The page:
Law School Case Brief
In re Fisher - 421 F.3d 1365 (Fed. Cir. 2005)
Courts have used the labels "practical utility" and "real world" utility interchangeably in determining whether an invention offers a "substantial" utility. Indeed, "practical utility" is a shorthand way of attributing "real-world" value to claimed subject matter. In other words, one skilled in the art can use a claimed discovery in a manner which provides some immediate benefit to the public. It thus is clear that an application must show that an invention is useful to the public as disclosed in its current form, not that it may prove useful at some future date after further research. Simply put, to satisfy the "substantial" utility requirement, an asserted use must show that that claimed invention has a significant and presently available benefit to the public.
Dane K. Fisher and Raghunath Lalgudi (collectively "Fisher") appeal from the decision of the U.S. Patent and Trademark Office ("PTO") Board of Patent Appeals and Interferences ("Board") affirming the examiner's final rejection of the only pending claim of application Serial No. 09/619,643 (the "'643 application"), entitled "Nucleic Acid Molecules and Other Molecules Associated with Plants," as unpatentable for lack of utility under 35 U.S.C. § 101 and lack of enablement under 35 U.S.C. § 112, first paragraph. This appeal was submitted after oral argument.
Did Fisher’s patent claim of application meet the utility requirement under 35 U.S.C. § 101?
The United States Court of Appeals for the Federal Circuit affirmed the Board's decision. The Court held that none of Fisher’s seven asserted uses met the utility requirement of 35 U.S.C.S. § 101. Because the utility requirement of § 101 was not met, the Court held that Fisher was not entitled to a patent for the five claimed ESTs. First, the Board did not apply an incorrect legal standard when it made reference to a "spectrum" to differentiate between a substantial utility and an insubstantial utility. This was not a new test for assessing the utility of ESTs but rather was in conformance with the standards set forth in Brenner. Second, the claimed ESTs were mere "objects of use-testing," to wit, objects upon which scientific research could be performed with no assurance that anything useful would be discovered in the end. Moreover, all of the applicants' asserted uses represented merely hypothetical possibilities and were plainly not "specific." Finally, because the Board applied the correct legal standard and the decision regarding utility was supported by substantial evidence, the applicants failed to satisfy the enablement requirement of 35 U.S.C.S. § 112 as a matter of law.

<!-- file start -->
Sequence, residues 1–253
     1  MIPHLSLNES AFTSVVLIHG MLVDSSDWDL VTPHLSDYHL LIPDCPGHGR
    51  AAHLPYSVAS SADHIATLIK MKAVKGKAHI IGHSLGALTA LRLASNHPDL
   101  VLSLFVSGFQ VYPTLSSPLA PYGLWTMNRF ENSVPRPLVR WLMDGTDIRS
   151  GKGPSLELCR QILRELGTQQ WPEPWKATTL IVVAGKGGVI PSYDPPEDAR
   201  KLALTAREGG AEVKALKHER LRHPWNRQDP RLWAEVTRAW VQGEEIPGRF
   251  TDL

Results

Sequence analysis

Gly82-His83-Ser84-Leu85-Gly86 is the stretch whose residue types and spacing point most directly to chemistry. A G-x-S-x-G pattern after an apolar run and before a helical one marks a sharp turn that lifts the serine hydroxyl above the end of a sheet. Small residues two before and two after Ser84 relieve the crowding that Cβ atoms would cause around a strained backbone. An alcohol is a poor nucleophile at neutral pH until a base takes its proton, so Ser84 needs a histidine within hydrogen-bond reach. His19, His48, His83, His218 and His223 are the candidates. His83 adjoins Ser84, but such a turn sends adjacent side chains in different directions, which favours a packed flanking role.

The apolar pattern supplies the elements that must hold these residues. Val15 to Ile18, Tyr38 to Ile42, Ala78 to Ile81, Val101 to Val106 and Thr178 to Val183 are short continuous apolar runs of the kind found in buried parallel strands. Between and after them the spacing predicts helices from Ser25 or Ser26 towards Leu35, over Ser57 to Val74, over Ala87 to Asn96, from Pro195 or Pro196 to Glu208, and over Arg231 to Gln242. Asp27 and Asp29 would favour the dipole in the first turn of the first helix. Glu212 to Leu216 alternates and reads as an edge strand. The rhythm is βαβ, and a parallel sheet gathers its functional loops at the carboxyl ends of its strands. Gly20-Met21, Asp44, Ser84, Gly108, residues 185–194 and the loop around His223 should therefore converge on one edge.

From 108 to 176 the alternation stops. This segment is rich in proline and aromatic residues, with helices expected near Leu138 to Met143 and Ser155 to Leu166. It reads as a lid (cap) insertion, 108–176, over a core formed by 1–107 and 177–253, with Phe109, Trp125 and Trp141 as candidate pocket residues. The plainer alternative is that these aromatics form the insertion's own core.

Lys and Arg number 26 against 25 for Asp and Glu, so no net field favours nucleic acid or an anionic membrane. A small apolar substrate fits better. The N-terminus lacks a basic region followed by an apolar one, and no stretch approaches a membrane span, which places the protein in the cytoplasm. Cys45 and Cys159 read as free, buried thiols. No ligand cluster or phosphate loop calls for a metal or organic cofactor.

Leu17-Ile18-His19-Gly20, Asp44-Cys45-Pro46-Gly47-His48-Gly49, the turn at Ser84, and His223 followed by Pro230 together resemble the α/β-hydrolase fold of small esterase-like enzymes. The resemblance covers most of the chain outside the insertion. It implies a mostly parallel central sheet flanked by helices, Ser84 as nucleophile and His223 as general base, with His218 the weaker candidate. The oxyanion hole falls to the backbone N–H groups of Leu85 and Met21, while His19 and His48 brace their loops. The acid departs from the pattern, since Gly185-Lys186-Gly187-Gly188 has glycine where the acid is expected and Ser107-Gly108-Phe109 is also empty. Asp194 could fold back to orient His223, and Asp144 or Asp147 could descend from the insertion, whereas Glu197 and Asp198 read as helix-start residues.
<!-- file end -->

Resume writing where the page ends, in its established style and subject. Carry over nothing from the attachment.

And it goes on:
As for the applicable standard of review, the Court explained that whether an application discloses a utility for a claimed invention is a question of fact, confined to the factual record complied by the Board. Consquently, the Court reviews the Board's determination that the '643 application failed to satisfy the utility requirement of § 101 for substantial evidence.
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